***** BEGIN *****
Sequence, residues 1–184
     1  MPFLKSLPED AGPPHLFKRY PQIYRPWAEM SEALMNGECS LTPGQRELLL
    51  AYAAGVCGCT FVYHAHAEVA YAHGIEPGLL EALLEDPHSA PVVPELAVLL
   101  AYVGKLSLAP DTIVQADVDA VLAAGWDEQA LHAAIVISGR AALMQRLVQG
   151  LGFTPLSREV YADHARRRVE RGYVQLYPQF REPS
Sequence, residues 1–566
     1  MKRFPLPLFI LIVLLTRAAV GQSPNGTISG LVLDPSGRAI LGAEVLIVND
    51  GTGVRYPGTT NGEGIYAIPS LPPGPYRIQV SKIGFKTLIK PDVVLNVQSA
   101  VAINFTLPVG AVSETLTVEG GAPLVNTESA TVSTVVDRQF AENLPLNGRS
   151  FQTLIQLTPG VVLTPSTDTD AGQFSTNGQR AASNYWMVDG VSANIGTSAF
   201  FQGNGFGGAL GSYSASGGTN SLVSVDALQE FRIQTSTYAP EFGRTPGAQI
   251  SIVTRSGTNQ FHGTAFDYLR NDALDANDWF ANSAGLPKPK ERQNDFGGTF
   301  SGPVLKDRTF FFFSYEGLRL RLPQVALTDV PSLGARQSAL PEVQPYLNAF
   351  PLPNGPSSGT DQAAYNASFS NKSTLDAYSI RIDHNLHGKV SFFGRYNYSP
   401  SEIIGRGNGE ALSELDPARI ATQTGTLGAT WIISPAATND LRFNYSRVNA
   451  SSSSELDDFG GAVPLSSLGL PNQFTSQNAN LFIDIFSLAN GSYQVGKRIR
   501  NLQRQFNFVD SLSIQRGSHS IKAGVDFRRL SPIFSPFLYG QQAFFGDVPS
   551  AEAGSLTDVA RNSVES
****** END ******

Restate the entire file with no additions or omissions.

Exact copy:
Sequence, residues 1–184
     1  MPFLKSLPED AGPPHLFKRY PQIYRPWAEM SEALMNGECS LTPGQRELLL
    51  AYAAGVCGCT FVYHAHAEVA YAHGIEPGLL EALLEDPHSA PVVPELAVLL
   101  AYVGKLSLAP DTIVQADVDA VLAAGWDEQA LHAAIVISGR AALMQRLVQG
   151  LGFTPLSREV YADHARRRVE RGYVQLYPQF REPS
Sequence, residues 1–566
     1  MKRFPLPLFI LIVLLTRAAV GQSPNGTISG LVLDPSGRAI LGAEVLIVND
    51  GTGVRYPGTT NGEGIYAIPS LPPGPYRIQV SKIGFKTLIK PDVVLNVQSA
   101  VAINFTLPVG AVSETLTVEG GAPLVNTESA TVSTVVDRQF AENLPLNGRS
   151  FQTLIQLTPG VVLTPSTDTD AGQFSTNGQR AASNYWMVDG VSANIGTSAF
   201  FQGNGFGGAL GSYSASGGTN SLVSVDALQE FRIQTSTYAP EFGRTPGAQI
   251  SIVTRSGTNQ FHGTAFDYLR NDALDANDWF ANSAGLPKPK ERQNDFGGTF
   301  SGPVLKDRTF FFFSYEGLRL RLPQVALTDV PSLGARQSAL PEVQPYLNAF
   351  PLPNGPSSGT DQAAYNASFS NKSTLDAYSI RIDHNLHGKV SFFGRYNYSP
   401  SEIIGRGNGE ALSELDPARI ATQTGTLGAT WIISPAATND LRFNYSRVNA
   451  SSSSELDDFG GAVPLSSLGL PNQFTSQNAN LFIDIFSLAN GSYQVGKRIR
   501  NLQRQFNFVD SLSIQRGSHS IKAGVDFRRL SPIFSPFLYG QQAFFGDVPS
   551  AEAGSLTDVA RNSVES